An AST-based pattern checker for JavaScript.


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ESLint is a tool for identifying and reporting on patterns found in ECMAScript/JavaScript code. In many ways, it is similar to JSLint and JSHint with a few exceptions:

  • ESLint uses Espree for JavaScript parsing.
  • ESLint uses an AST to evaluate patterns in code.
  • ESLint is completely pluggable, every single rule is a plugin and you can add more at runtime.

You can install ESLint using npm:

npm install -g eslint

If it's your first time using ESLint, you should set up a config file using --init:

eslint --init

After that, you can run ESLint on any JavaScript file:

eslint test.js test2.js

After running eslint --init, you'll have a .eslintrc file in your directory. In it, you'll see some rules configured like this:

    "rules": {
        "semi": [2, "always"],
        "quotes": [2, "double"]

The names "semi" and "quotes" are the names of rules in ESLint. The number is the error level of the rule and can be one of the three values:

  • 0 - turn the rule off
  • 1 - turn the rule on as a warning (doesn't affect exit code)
  • 2 - turn the rule on as an error (exit code will be 1)

The three error levels allow you fine-grained control over how ESLint applies rules (for more configuration options and details, see the configuration docs).

  • Development is sponsored by Box

These folks keep the project moving and are resources for help:

We have scheduled releases every two weeks on Friday or Saturday.

I do like JSHint. And I like Anton and Rick. Neither of those were deciding factors in creating this tool. The fact is that I've had a dire need for a JavaScript tool with pluggable linting rules. I had hoped JSHint would be able to do this, however after chatting with Anton, I found that the planned plugin infrastructure wasn't going to suit my purpose.

That's not really a question, but I got it. I'm not trying to convince you that ESLint is better than JSHint. The only thing I know is that ESLint is better than JSHint for what I'm doing. In the off chance you're doing something similar, it might be better for you. Otherwise, keep using JSHint, I'm certainly not going to tell you to stop using it.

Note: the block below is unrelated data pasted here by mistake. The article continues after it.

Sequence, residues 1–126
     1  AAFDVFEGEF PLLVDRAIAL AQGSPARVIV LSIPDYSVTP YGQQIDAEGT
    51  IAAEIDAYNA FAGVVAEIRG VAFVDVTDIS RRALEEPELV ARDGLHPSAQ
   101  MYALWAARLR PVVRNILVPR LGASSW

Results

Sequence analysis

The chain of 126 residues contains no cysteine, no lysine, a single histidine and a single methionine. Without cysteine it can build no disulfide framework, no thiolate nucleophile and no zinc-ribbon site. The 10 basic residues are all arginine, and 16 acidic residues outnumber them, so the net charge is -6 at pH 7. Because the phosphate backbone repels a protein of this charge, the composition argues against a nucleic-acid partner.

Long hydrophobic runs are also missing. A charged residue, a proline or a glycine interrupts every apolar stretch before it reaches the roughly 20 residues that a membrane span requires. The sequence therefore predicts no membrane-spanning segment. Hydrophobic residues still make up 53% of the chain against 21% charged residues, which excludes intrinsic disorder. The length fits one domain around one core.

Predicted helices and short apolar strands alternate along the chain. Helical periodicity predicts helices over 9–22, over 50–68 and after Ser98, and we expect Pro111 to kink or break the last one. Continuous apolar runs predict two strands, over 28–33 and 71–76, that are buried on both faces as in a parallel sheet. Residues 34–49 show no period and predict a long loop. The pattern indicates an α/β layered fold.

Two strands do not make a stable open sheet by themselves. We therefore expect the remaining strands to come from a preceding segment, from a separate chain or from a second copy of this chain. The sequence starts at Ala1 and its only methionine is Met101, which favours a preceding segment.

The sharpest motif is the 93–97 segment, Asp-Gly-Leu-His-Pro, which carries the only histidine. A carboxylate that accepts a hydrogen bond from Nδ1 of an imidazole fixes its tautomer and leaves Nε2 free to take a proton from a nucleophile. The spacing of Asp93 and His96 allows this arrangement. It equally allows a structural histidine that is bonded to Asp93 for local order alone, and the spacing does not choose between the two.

ESLint is slower than JSHint, usually 2-3x slower on a single file. This is because ESLint uses Espree to construct an AST before it can evaluate your code whereas JSHint evaluates your code as it's being parsed. The speed is also based on the number of rules you enable; the more rules you enable, the slower the process.

Despite being slower, we believe that ESLint is fast enough to replace JSHint without causing significant pain.

ESLint is faster than JSCS, as ESLint uses a single-pass traversal for analysis whereas JSCS using a querying model.

If you are using both JSHint and JSCS on your files, then using just ESLint will be faster.

ESLint does both traditional linting (looking for problematic patterns) and style checking (enforcement of conventions). You can use it for both.

ESLint has full support for ECMAScript 6. By default, this support is off. You can enable ECMAScript 6 support through configuration.

Yes, ESLint natively supports parsing JSX syntax (this must be enabled in configuration.). Please note that supporting JSX syntax is not the same as supporting React. React applies specific semantics to JSX syntax that ESLint doesn't recognize. We recommend using eslint-plugin-react if you are using React and want React semantics.

ESLint doesn't natively support experimental ECMAScript language features. You can use babel-eslint to use any option available in Babel.

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